The Webb City Police Auxiliary had a Miner’s Diner by the old depot featuring the meal most often eaten by miners…beans and cornbread. They also had hot dogs and fresh baked goodies. The Webb City fire department had a watermelon garden over by the carnival, at the front of the park along the highway, instead of the back of the park like the first year. The Lion’s Club had a pancake feed on Saturday morning at the Lion’s Clubhouse at College and Nelson. The Elk’s Club served juicy hamburgers at the park.

The Mining Days Parade was sponsored by the American Legion. Even though it was the first Mining Days Celebration, we were celebrating the Legion’s 34th Festival Parade. For many years, the American Legion hosted the “Fall Festival” behind the City Hall on Tom street between Church and First Street. There was always a carnival, The Fall Festival Queen, and all the merchants in town participated by having promotions. One promotion was for every dollar you spent at the merchants you received a Festival Dollar to be used at the Fall Festival Auction on Saturday. Items in the auction were also donated by merchants.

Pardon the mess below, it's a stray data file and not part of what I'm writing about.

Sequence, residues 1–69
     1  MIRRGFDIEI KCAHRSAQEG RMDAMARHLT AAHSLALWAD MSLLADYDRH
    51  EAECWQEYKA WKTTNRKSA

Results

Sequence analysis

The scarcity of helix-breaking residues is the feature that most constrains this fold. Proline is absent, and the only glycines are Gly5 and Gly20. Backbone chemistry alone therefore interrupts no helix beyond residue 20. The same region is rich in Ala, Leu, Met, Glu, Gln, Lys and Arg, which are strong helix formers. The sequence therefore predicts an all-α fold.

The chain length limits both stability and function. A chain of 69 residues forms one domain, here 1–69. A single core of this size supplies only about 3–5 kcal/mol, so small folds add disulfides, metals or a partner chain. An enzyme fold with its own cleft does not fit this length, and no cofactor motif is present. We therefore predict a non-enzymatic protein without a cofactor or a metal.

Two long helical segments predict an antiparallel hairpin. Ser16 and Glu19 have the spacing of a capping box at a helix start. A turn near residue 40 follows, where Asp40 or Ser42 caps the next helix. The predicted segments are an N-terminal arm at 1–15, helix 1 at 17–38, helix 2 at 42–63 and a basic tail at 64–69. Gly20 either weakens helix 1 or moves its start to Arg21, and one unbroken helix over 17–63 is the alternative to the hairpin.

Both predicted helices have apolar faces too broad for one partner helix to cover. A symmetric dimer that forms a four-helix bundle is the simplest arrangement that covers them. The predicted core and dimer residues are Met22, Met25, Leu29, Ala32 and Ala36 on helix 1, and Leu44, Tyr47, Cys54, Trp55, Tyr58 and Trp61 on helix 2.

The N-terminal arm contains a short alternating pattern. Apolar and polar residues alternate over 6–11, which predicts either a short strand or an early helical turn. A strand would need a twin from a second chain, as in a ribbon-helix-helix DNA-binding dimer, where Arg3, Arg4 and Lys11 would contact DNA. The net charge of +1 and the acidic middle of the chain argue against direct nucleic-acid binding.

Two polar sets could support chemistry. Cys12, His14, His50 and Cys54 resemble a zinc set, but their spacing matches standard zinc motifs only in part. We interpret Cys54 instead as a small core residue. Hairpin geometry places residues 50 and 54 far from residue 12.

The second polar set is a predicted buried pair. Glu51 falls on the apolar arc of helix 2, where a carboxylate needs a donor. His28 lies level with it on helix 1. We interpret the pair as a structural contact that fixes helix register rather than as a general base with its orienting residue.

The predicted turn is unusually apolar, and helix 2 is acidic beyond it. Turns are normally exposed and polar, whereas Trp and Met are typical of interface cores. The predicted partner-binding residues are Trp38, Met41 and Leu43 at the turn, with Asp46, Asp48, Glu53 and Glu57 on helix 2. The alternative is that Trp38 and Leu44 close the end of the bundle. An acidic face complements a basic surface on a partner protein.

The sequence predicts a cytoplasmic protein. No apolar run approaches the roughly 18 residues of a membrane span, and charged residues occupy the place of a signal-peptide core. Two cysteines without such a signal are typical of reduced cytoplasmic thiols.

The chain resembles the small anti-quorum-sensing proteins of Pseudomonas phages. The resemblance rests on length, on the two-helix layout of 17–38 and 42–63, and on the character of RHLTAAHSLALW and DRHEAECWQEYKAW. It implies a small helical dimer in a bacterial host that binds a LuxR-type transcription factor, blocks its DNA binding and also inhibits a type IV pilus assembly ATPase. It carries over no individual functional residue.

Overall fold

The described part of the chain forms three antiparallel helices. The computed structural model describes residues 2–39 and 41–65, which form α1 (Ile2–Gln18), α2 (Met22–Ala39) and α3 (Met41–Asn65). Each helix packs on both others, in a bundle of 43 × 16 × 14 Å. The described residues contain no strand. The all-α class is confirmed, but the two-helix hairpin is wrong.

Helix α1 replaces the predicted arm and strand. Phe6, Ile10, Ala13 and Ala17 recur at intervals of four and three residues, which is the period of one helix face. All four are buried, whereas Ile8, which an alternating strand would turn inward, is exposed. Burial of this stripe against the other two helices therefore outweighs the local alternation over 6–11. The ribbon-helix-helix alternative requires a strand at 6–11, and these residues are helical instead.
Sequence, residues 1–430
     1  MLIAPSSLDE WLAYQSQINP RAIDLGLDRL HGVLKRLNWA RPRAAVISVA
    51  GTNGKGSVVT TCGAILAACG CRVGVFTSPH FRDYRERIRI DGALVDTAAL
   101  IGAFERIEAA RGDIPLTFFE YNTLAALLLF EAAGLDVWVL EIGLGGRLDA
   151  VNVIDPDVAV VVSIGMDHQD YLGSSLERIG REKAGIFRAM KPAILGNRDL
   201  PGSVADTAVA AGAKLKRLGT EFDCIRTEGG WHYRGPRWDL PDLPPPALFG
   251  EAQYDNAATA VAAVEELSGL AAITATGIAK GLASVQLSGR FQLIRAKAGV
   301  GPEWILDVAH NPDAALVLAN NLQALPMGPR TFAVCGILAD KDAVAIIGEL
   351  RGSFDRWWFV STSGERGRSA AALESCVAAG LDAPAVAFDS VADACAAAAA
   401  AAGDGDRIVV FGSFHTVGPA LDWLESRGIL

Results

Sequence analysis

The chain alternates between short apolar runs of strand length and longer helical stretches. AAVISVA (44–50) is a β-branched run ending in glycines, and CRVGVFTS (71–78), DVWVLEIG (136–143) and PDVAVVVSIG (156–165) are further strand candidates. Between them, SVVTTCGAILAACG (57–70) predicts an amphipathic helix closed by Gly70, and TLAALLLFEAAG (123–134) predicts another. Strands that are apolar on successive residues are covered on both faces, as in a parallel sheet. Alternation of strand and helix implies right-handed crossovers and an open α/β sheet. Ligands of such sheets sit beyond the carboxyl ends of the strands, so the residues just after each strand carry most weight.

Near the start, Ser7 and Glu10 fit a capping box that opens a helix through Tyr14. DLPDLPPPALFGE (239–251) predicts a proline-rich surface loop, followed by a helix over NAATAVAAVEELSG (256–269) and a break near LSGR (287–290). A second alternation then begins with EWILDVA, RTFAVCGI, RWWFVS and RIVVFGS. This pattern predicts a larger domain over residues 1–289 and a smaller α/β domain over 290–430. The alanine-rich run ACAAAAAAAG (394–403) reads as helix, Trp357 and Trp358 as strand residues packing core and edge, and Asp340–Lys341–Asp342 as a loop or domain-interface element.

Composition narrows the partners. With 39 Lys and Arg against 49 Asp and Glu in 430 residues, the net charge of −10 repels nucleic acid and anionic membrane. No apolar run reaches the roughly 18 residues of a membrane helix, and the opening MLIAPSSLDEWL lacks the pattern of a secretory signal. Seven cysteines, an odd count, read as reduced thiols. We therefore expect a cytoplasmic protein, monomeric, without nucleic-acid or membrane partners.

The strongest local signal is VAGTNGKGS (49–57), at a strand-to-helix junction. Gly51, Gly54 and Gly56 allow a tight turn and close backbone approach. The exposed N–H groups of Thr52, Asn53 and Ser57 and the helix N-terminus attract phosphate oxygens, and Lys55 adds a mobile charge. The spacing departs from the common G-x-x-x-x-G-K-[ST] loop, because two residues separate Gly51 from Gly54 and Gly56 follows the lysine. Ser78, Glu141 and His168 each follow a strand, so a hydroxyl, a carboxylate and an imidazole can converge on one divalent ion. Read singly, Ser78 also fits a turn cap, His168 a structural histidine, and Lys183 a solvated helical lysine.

Throughout the years, the Mining Days Committee had to make changes. The first one was the number of days for each annual Mining Days Celebration each year. It had been a week long. It was changed to Thursday, Friday, Saturday and Sunday. Eventually Sunday became the cleanup day. Eventually the celebration was changed to just Friday and Saturday. Sunday morning cleanup had lots of paper, cups, and trash to pickup, chairs and tables to put away and tents to take down. For every good time that is enjoyed…there is clean up to follow.